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4. Booting the workstation

4.1 Using a boot ROM

As I have not used such a beast myself yet, I can give you only the following tips (courtesy of Christian Leutloff <leutloff@sundancer.tng.oche.de>):

4.2 Using a raw kernel disk

If you have exported the root filesystem with the correct name for the default naming and your NFS server is also the RARP server (which implies that the boxes are on the same subnet.), than you can just boot the kernel by cating it to a disk. (You have to set the root device in the kernel to 0:255.) This assumes, that the root directory on the server is /tftpboot/IP Address (this value can be changed when compiling the kernel.)

4.3 Using a bootloader & RARP

Give the kernel all needed parameters when booting, and add nfsroot=<server-ip-addr>:</path/to/mount> where server-ip-addr is the IP address of your NFS-server, and /path/to/mount is the path to the root directory.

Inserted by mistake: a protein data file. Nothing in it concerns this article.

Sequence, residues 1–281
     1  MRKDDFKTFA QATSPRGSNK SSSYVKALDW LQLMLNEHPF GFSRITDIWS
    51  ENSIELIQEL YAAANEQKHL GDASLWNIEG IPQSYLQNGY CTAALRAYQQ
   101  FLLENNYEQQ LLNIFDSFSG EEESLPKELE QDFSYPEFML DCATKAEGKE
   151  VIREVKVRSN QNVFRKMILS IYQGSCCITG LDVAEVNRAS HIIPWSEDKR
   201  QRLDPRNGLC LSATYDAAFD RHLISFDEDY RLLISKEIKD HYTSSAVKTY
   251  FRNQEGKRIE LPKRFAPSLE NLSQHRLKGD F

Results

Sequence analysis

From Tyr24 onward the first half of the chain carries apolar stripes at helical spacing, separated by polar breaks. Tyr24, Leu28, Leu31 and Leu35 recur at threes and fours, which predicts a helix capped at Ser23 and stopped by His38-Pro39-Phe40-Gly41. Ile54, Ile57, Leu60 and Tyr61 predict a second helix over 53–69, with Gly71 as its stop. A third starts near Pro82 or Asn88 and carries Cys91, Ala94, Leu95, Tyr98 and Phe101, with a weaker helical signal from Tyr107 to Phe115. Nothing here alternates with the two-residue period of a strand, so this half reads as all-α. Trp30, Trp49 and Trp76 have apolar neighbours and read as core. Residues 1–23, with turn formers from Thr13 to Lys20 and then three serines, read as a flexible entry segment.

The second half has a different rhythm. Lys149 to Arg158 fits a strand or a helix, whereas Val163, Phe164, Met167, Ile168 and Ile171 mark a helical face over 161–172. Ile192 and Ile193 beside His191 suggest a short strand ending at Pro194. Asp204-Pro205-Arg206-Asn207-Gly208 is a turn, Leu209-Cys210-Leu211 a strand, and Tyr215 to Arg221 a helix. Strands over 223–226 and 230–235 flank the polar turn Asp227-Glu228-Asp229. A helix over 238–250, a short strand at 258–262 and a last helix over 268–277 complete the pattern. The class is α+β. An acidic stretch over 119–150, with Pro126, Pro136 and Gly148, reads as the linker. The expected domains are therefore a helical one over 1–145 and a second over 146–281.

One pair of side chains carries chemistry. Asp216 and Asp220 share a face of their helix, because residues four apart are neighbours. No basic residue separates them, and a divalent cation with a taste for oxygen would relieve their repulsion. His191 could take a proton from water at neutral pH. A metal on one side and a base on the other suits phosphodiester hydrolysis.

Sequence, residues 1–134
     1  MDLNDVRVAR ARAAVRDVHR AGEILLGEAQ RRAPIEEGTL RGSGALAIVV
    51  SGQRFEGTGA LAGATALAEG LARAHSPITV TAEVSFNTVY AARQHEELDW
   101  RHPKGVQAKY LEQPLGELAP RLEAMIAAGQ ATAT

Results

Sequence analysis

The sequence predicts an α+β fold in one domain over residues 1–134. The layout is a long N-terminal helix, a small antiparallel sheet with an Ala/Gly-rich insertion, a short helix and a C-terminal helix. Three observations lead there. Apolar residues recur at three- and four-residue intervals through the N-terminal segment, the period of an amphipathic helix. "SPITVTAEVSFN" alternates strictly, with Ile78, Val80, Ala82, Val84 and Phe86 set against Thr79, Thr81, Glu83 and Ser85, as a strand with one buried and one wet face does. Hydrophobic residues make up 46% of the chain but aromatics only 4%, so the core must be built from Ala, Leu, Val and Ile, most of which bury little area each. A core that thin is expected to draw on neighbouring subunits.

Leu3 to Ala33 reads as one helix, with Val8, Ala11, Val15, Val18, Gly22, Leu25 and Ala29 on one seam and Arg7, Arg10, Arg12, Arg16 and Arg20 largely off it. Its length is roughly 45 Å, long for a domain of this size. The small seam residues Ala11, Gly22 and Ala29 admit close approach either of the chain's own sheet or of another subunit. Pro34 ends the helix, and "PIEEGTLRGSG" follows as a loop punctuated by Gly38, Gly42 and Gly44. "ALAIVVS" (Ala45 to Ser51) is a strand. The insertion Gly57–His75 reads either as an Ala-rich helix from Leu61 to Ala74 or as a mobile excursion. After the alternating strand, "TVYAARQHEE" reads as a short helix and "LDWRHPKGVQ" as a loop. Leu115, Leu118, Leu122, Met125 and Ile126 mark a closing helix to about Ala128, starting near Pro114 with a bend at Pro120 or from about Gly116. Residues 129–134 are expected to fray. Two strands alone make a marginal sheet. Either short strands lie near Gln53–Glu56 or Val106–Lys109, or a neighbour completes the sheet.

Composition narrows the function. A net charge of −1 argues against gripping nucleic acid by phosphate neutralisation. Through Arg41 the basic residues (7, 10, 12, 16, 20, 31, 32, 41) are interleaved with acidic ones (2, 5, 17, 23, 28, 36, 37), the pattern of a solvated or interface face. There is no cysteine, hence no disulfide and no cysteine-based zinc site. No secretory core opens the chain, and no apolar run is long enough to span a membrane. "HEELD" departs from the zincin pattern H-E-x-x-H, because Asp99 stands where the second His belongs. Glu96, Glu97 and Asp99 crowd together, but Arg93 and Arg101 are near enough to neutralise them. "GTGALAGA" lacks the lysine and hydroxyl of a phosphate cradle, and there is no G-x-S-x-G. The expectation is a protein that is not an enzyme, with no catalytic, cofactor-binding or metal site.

Tips:

4.4 Using a bootloader without RARP

The ip and nfsroot kernel parameters (which can be hardcoded into the kernel, interactively entered at some bootloader prompts, or included in lilo.conf via the append= parameter; see the next subsection) provide all of the information necessary for the client to set up its ethernet interface and to contact the NFS server, respectively. The parameters are fully documented in Documentation/nfsroot.txt, which is included in the kernel sources (usually found under /usr/src/linux). Here's the format for a machine with a static (pre-assigned) IP address:

DHCP is much simpler:

4.5 Sample kernel command lines

Here's an example of a complete kernel command line such as you might include in lilo.conf or equivalent; only the IP numbers and NFS path are bogus:

That uses DHCP to assign an IP address to the machine and puts its boot messages (console) on the second serial port. The following is the corresponding example using a static IP address; it also explicitly specifies Busybox's (non-standard) location for init:


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